As Americans, we profess to love our privacy. Gone are the days of our youth when backyard football games stretched across several properties. Now everyone has a six-foot privacy fence and a host of webcams that ping us every time a feral cat crosses the front lawn.
And yet, we carry smartphones.
That nifty electronic slab in your pocket or purse is fabulous for communicating on the go, calling or texting when you’re bored in the dentist office, and even watching cat videos. But it does something else, too. Chances are your phone tells thousands of companies where it is and, by default, where you are, every few seconds of every day.
The info travels through the apps that you download and use. Some of these apps, like the WeatherBug app, have a legitimate purpose for collecting the data. If you quickly want to know what the weather looks like in your area, WeatherBug needs to know where you are. The company collects the exact latitude and longitude for your location, and then uses that pinpoint accuracy to feed you the current weather and the forecast. That seems reasonable.
But then WeatherBug goes a bit further. The company shares your exact location data with 40 companies, and you can bet that they get paid handsomely for passing along this tidbit of information.
It’s not illegal. You agree to allow the company to share your data when you download the app and quickly click through the terms and conditions.
WeatherBug isn’t alone. On Google’s Android operating system, researchers found over 1,000 apps that shared your location, and 17 that sent along exact coordinates to more than 70 companies.
Some of the apps, like WeatherBug, at least have a legitimate reason for collecting your location data, but others simply scoop it up to sell it. Is there a reason that the Angry Birds video game app needs to know where you are? And how about Clean Master, an app that scans for viruses and optimizes your phone service?
Don’t think that your information is anonymous. In addition to advertising data and coordinates, apps also collect unique identifiers for your physical phone, so they know exactly which phone travels where and when, even if you turnrn it off for a bit or take an airplane ride.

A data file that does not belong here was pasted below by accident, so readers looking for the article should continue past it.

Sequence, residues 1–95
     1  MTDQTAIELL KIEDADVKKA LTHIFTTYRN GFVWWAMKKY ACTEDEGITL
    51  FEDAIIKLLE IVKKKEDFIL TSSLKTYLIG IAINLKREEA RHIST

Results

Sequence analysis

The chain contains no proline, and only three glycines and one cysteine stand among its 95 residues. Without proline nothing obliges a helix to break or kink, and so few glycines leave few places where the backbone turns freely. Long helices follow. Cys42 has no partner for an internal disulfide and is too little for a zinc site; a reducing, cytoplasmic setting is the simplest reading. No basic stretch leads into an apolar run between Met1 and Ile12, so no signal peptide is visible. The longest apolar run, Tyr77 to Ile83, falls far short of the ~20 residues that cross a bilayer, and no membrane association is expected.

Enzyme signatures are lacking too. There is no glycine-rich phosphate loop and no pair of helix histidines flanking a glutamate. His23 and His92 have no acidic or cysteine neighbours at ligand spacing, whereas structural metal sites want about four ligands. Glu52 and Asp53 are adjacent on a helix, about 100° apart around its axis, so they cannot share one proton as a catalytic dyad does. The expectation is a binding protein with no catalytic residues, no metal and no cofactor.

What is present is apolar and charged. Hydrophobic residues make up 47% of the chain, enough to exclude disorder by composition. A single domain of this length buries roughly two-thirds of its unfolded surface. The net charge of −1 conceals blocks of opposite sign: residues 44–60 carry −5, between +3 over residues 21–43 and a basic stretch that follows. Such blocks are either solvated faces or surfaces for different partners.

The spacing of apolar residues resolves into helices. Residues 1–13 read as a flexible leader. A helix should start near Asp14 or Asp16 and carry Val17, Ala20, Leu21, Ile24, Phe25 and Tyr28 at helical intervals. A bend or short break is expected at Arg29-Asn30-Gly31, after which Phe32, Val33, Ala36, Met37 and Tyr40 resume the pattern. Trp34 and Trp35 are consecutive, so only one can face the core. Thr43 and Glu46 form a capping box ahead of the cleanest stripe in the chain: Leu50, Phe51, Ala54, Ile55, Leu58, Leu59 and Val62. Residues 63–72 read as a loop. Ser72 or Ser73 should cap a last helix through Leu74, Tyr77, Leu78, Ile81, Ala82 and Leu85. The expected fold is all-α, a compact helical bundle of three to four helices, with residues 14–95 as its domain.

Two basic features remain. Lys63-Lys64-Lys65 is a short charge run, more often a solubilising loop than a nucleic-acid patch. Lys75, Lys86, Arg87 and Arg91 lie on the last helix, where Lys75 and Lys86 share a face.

Imagine what you could learnrn about a person if you knew where they went during the day and where they lived. By cross-referencing public records, you could quickly put a name with a phone, and then connect it with that person’s personal physician, their mechanic, and their friends. A bit more data will show you how they vote, and which political candidates they funded.
Suddenly, the privacy fence and a couple of door cams don’t seem like such a good defense.
When it comes to our phones, there are measures we can take, but most people won’t do it because it’s a hassle.
On the iPhone, you can scroll through settings and click on each app to see which ones use your location services. Apple allows you to share your location data always, never, or only when using the app. You can also click on the universal location services button under privacy and turnrn it off. You’ll have to turnrn it back on whenever you want to use something that requires your location, like maps, but you won’t be broadcasting your whereabouts 24/7.
Google’s Android isn’t as easy. You can still scroll through your apps in settings and see which ones use your location services, but their choices are limited to “yes” and “no.”
With impeachment back on the scene as Congress reconvenes, the presidential election on the horizon, and the heightened conflict with Iran, the privacy dust-up of 2019 has faded to the background. Our chances of getting meaningful help from the major tech players seems remote as the pressure eases and they continue to earnrn billions by selling our data.
But that doesn’t mean you have to be a willing participant.
Take a few minutes to scroll through the apps on your phone and ask yourself if you want to be sharing your data with each app so they can make a few pennies. Is your privacy worth their profit? If not, turnrn off location services for that app, or better yet, ask yourself if you need the app at all.